The message I’m taking from the book is: life is not just about the material things. Life is not about who lives the longest. Life is not always about what’s on the surface. There’s things underneath, there’s deep things. Life is about emotional fulfillment, growing into your potential. Perina was very wrong about so many things…but one thing I’ve got to point out (without ruining the story) is how he provided for his children. Sure, he rescued them from a third world society. Sure, he fed and clothed and paid for their college educations. But that’s not enough to raise a child. Perina never thought about his children’s emotional wellbeing and fulfillment. He placed things quite low on Maslow’s hierarchy. Mostly, he didn’t think about what he could do for his children. He only thought about what they could do for him. What emotional hole they could fill in his empty and unfulfilled life.

As an added bonus, Yanagihara’s writing style flows beautifully. No other author could have described the landscapes of Ivu’Ivu quite as well. Yanagihara is a master of the writing style. Every word, every phrase, every sentence…just feels so beautiful, so delicate.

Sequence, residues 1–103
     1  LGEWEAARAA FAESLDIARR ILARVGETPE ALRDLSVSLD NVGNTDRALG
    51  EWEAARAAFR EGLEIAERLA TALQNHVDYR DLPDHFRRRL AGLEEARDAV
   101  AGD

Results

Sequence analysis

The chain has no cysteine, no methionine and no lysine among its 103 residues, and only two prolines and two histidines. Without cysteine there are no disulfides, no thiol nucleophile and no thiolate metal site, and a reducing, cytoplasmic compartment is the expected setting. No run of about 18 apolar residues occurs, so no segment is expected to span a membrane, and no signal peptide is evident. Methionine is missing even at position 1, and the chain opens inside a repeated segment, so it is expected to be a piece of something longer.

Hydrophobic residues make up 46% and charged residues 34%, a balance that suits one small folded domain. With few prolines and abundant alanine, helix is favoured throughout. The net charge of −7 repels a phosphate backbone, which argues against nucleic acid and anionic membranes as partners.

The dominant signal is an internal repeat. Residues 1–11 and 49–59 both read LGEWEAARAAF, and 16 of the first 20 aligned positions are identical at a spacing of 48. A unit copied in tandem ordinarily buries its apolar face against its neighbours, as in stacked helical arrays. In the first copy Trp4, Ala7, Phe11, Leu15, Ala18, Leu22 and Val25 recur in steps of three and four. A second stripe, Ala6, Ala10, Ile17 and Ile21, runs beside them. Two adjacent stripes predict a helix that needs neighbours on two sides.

***eBook provided by Netgalley in exchange for my honest review

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Book Review: The Boy Who Could See Demons by Carolyn Jess-Cooke (3/5)


When child psychologist Anya begins to treat Alex, a schizophrenic 10-year-old with hundreds of imaginary demons, she feels like something is wrong. This is not a straightforward case. Alex knows too much for a 10-year-old and claims his best friend is a centuries-old demon named “Ruen.” This friend may be real…. Ruen takes an interest in Anya and seems to know everything about Anya’s personal life and inner demons…